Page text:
— A.M. O’Malley

I first found poetry when I was nine years old in a beat up paperback copy of Alfred Tennyson’s collected poems that my father had. One Saturday, when no one was around, I stole the book away to my corner of the back yard—a place where I spent many hours as a kid in the solitude that only-children know well. I had recognized the book as fodder for my games of pretend and as I read through the book I became excited by the stories and lofty language; The Lady of Shalott was a particularly favorite source for elaborate games of imagination. However, it wasn’t until I came upon the poem; The Poet’s Song did the power of poetry really take hold of me. I imagined the speaker in the poem, the Poet, as a sort of cross between Snow White and a wizard—incredibly powerful and able to speak to nature. I wanted to have the power the Poet held.

I decided to memorize the poem—I still don’t know where I got the idea—and I spent days reading and rereading it in the back yard. When I try to recall the poem now, I can feel the feel of the cut grass against my legs and almost 30 years later, I can still remember a few lines of the poem:

The rain had fallen, the Poet arose,

He pass’d by the town and out of the street,

A light wind blew from the gates of the sun,

And waves of shadow went over the wheat,

And he sat him down in a lonely place,

And chanted a melody loud and sweet,

That made the wild-swan pause in her cloud,

And the lark drop down at his feet.

For some reason, I never told anyone I had memorized the poem, I never recited it at the dinner table or at school, I just kept the poem with me. I said it to myself at night before falling asleep and eventually stopped thinking about it altogether. But from that moment I felt comfortable with poetry—it became a friend.W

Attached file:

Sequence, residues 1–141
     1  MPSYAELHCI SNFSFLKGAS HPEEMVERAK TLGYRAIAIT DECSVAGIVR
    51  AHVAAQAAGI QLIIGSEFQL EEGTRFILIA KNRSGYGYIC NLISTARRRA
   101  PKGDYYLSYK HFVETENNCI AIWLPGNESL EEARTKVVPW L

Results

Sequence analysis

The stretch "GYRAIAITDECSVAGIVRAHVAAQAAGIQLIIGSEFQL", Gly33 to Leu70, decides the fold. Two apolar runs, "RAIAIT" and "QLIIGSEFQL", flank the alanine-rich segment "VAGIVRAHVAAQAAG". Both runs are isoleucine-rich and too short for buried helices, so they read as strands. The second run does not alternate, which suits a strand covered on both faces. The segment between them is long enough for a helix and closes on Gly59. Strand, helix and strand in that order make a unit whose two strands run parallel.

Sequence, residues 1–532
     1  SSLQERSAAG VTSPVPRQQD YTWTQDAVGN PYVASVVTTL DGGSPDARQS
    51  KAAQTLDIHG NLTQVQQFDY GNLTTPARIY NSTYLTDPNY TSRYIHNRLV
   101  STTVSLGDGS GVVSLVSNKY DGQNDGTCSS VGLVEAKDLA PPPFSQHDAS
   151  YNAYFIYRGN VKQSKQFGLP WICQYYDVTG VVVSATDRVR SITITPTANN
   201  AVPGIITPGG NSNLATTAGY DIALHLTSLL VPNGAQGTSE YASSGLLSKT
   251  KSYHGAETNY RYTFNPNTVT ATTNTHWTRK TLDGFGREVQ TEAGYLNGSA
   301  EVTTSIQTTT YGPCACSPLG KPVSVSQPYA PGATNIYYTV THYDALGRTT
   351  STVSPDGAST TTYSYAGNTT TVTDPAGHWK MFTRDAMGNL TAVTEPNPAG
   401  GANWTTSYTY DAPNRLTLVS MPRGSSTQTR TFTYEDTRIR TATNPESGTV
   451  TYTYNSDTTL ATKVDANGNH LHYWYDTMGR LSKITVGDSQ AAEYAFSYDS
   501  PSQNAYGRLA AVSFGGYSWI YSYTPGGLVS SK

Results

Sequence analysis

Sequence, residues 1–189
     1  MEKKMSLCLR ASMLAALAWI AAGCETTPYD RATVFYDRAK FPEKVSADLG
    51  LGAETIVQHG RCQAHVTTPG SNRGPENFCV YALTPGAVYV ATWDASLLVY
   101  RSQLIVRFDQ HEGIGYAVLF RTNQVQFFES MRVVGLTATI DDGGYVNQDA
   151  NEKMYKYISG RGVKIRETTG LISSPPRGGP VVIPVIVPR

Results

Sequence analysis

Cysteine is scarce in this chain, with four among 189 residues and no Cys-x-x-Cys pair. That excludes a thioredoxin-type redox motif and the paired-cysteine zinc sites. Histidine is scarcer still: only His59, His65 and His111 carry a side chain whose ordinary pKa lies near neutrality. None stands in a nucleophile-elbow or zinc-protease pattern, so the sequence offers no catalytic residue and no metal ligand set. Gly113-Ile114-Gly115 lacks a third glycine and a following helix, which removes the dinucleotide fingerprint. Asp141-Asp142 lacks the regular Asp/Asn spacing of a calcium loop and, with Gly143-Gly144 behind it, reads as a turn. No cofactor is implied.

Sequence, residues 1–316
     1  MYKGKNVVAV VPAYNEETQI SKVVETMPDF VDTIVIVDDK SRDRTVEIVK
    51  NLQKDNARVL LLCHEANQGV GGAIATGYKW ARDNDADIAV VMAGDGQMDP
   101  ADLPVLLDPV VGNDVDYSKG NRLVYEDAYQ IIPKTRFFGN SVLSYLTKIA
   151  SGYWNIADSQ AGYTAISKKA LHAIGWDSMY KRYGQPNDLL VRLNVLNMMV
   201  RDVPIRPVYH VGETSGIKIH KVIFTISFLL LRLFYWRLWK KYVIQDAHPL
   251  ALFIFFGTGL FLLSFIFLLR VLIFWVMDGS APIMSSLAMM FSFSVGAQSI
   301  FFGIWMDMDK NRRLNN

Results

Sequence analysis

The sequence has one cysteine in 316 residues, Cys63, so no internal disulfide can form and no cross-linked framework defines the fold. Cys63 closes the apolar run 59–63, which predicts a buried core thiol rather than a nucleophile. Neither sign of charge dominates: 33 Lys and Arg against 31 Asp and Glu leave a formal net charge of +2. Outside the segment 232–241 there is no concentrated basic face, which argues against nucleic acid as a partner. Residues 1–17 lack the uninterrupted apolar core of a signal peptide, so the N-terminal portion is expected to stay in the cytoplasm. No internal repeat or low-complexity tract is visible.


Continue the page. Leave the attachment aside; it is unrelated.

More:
This act of taking a poem in to my body—knowing it by heart—brings me to what poetry means to me. Poems are what I have when nothing else will suffice. Poems are what I went to when my father committed suicide, poems were integral to the process of falling in love with and eventually marrying my husband. Poems have helped me make friends. Poems have seduced me, comforted me and brought me to tears.

In the last few years, I’ve picked up the habit of memorizing poems again. I started with memorizing rhyming poems by Emily Dickinson and Theodore Roethke. I went for long walks muttering stanzas to myself. I got good at assigning corners and trees in my neighborhood to lines by Gerard Manley Hopkins and W.H. Auden. As my memorization chops improved; I moved on to poems that were more difficult to commit to memory. I memorized poems by Mary Ruefle, Charles Wright, James Tate, Frank O’Hara and others. Now, I have hours of poems memorized. I can walk for miles with a long string of poems and I am comforted by the fact that if I were ever trapped in a well I would have the poems to keep me company until rescued.

That first effort to memorize Tennyson’s poem The Poet’s Song, when I was nine years old, was a step toward a life of loving poems, it was a guarantee against loneliness or at least any belief that what I am feeling in this life is unique.



A.M. O’Malley is a writer and educator who has recently been published in The Newer York, Unshod Quills, Nailed Magazine, The Nervous Breakdown, Jerkpoet, Poor Claudia, The Burnside Review and The Portland Review.  Ms. O’Malley’s first full length book of hybrid poem-memoir Blasphemy is Easy in Love will be published on University of Hell Press in 2015. She is a Literary Arts Writers in the Schools teaching artist, a Regional Arts and Culture Council grant recipient and winner of the 2014 Skidmore Prize. In 2012, Ms. O’Malley started a writing and publishing program at the Columbia River Correctional Institution and goes there every Tuesday night to teach writing to incarcerated men. She teaches writing, collage art and self-publishing at Portland Community College and runs a monthly poem recitation event called Other People’s Poems at Mother Foucault’s Bookshop. She lives and works in Portland, Oregon where she is the Program Director at the Independent Publishing Resource Center. Follow her on Instagram at amohmalley, twitter @amomalleytweets and on Tumblr at

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